Acts The Church and Ministerial Training

Kaitiaki's picture

Basically this is just a "what do we learn about the Church from Acts?" thread. As we watch Paul and Barnabas and then Paul and Silas building the Church in Acts, what can we learn about their concept of the Church as a whole? Robert suggested my original plan was too cumbersome so asked me to create new threads.

Thread Moderator: Kaitiaki

There are two aspects to this thread: the training of the local congregation (for the work of ministry - as in Ephesians) and the theological training of ministers (or pastors).

Acts shows us local congregations that trained young men (and women) for every appropriate aspect of Church work. That included the work of ministry and missions. Discuss this statement. Do you think it is valid? What implications (if any) are there for the present system in almost every denomination of sending young men to a seminary to be trained? How does your Church seek to apply those implications in the way they train ministers and missionaries?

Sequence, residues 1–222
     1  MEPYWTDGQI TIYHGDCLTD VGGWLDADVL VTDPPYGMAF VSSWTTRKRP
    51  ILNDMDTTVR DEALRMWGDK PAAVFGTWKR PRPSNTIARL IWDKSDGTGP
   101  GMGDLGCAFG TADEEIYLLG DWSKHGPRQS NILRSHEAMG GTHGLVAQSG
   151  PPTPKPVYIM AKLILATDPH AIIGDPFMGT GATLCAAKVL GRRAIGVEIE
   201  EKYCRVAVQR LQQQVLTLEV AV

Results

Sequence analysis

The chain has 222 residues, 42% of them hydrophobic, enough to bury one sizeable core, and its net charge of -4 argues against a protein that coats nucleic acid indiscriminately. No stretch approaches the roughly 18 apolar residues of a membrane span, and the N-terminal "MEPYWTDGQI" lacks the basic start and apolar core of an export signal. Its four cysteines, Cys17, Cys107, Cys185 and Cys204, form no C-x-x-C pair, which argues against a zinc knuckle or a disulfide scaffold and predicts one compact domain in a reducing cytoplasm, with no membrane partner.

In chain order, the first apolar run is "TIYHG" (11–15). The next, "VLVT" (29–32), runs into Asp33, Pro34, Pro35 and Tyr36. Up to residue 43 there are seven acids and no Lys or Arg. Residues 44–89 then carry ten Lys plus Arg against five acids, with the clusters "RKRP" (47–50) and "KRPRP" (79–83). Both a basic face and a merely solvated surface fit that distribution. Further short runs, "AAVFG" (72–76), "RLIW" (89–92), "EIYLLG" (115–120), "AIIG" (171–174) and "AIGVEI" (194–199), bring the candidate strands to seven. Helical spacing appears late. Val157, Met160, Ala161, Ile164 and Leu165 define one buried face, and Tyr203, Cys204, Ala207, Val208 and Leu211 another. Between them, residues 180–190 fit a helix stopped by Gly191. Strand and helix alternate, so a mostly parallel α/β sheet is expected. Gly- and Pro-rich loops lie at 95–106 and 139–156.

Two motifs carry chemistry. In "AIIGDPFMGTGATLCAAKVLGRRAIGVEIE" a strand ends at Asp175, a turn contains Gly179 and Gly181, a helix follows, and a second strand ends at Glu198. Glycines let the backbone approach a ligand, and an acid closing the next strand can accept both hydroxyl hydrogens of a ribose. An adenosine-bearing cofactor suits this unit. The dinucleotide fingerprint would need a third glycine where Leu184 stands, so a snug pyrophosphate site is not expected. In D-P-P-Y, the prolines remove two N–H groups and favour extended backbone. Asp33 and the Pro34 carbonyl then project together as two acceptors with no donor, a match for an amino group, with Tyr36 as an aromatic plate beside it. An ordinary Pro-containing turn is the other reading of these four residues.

Groups:
Kaitiaki's picture

Clergy/laity "Priesthood?"

Excuse me, I am not certain what your writer has in mind applies to the Churches which grew out of the Reformation. For example there is no clergy/laity priesthood distinction in mainline protestant churches. The role of a pastor is not that of a priest - he is not a mediator in that sense at all.

His role is (as i understand the Reformation) that of a teacher. Where he leads in prayer it is because as the congregation's appointed teaching elder he has been given that responsibility. I am aware of many churches which follow the teaching elder/ruling elder and laity distinction where it is one of the ruling elders who leads in prayer - another may lead the singing and yet another may supervise the collection of tithes and offerings. When it comes time to celebrate the Lord's Supper the ruling elders take responsibility to oversee that part of the service - though they may have appointed the teaching elder to lead it.

In every case the role of the elder is seen as those appointed (ordained) to lead the congregation - unless of course Paul's ordaining elders as he tavelled back through the newly planted churches was an aberration ...

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Christ died for one Church:
Our failure to recognise other Christians
changes neither their place in the Kingdom of Heaven
nor our responsibility to encourage them in the faith

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Christ died for one Church:
Our failure to recognize other Christians
changes neither their place in the Kingdom of Heaven
nor our responsibility to encourage them in the faith




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